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Question: Do you recommend a printer in the dorm room?
Yes, absolutely. Now that printers are so cheap, there’s really no reason not to have your own. (I bought one for my son that came with ink cartridges and cost less than what some folks pay for the ink alone. Surprisingly, the ink supply lasted more than a day!) Although many professors allow you (or even expect you) to submit papers electronically, you’ll still be glad that you can print right in your dorm room.
If you don’t already have a printer, and a parent, grandparent, aunt, uncle, etc. is looking for high school graduation gift ideas, suggest an “All-in-One” that will print, copy, scan, and fax. You may not need the fax too often, but I bet you’ll use it occasionally, and I promise you that all the other features will come in handy during your college career. I bought a new All-in-One just yesterday and I paid $70. This included free shipping and ink cartridges. It’s not the snazziest model around, but it will suit my needs (and there are cheaper ones out there, too).
The College Confidential discussion forum is full of threads on other must-haves for your dorm. (Some are even school-specific.) So check them out when you can.
But note that these lists are just suggestions, and–like many times in life–less is often more. My College Confidential colleague Dave Berry always recommends that, before you pack for the dorm, spread everything out that you plan to take and then put half of it back! (But keep the printer )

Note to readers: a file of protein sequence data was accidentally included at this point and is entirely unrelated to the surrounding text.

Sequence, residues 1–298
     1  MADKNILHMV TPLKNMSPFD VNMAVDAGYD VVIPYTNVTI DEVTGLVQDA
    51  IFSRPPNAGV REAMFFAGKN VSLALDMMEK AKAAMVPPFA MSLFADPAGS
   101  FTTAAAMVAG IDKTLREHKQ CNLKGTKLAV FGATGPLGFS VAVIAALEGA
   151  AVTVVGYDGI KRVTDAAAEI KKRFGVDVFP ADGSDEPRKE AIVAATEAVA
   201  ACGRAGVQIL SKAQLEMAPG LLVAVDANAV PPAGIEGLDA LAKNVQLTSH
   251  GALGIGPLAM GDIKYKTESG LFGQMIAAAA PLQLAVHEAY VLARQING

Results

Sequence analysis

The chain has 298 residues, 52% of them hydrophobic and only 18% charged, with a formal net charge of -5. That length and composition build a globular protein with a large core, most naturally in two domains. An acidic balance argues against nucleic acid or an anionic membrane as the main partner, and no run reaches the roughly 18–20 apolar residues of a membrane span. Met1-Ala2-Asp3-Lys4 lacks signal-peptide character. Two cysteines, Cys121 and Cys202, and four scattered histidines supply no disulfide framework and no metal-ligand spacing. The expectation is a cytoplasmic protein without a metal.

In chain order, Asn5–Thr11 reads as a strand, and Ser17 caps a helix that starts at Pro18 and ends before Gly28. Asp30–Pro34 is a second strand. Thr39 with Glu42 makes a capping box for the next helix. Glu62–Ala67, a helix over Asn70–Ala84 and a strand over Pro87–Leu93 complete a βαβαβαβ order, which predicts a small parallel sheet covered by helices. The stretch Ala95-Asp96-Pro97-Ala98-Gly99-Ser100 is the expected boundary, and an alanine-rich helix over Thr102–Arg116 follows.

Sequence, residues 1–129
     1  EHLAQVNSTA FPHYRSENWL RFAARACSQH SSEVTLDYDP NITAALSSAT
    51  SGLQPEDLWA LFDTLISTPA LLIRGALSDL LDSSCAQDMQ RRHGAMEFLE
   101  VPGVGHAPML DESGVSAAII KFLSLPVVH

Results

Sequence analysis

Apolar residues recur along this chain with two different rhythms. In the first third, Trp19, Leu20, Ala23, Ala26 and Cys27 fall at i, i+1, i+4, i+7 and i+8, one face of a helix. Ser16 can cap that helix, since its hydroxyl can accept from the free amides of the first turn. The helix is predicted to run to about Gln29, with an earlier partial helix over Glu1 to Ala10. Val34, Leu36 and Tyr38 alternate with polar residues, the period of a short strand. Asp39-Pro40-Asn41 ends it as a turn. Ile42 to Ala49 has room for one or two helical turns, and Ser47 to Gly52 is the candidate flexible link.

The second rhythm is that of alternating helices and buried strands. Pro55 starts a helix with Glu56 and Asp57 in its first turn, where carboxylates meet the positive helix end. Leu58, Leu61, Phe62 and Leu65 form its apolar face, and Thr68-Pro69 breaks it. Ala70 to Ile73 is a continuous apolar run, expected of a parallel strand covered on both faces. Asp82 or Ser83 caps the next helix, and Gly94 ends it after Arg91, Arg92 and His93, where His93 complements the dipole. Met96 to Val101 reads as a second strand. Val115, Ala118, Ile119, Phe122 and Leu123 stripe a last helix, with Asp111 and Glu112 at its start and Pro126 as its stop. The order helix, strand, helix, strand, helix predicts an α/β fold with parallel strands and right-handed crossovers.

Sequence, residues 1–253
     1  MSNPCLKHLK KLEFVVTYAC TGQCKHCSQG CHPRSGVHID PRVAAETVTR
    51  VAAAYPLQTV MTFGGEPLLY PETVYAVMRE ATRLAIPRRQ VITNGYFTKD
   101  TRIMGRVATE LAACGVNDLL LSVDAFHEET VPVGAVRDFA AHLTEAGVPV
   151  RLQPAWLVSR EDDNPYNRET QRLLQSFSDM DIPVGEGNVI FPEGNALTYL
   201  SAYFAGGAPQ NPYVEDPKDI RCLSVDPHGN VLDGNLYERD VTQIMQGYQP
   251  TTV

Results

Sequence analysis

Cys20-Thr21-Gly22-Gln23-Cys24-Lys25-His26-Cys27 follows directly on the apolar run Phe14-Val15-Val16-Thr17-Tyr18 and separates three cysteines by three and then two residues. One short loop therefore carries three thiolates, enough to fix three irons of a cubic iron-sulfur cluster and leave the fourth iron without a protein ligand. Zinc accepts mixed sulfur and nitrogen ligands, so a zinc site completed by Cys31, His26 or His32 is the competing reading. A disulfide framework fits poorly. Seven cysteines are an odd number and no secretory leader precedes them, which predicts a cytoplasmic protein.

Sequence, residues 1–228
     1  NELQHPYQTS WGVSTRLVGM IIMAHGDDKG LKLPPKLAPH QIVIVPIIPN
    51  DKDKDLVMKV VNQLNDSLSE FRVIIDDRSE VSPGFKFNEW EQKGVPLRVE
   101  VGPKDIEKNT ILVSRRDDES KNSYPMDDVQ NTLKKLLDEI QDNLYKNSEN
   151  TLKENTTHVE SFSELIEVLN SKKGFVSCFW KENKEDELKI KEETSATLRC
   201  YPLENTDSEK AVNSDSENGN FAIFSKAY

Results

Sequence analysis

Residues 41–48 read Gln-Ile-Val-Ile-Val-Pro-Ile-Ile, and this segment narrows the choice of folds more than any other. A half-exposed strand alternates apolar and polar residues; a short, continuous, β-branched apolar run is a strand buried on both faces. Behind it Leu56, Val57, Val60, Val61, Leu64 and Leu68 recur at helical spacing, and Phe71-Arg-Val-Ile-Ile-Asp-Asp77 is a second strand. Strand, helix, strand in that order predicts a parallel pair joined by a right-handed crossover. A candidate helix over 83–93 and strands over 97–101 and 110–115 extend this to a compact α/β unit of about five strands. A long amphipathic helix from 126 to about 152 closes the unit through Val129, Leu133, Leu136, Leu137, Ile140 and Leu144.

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Question: I am finishing off my junior year at a smaller, rural high school where I am currently in the running for the number one spot of our class as well being involved in athletics and other activities. However, next year I am going to live with my grandma and will be attending a larger high school. With a 3.93 GPA I doubt I will be Valedictorian, and I also don’t think I will be able to make it in varsity athletics, knowledge bowl, and other activities with the higher selection. With a 29 on the ACT (planning to retake), I’m not expecting to go to an Ivy league college, but I am still worried about how the decreased involvement would look. My question is: How can I make up for this, or am I worrying about nothing?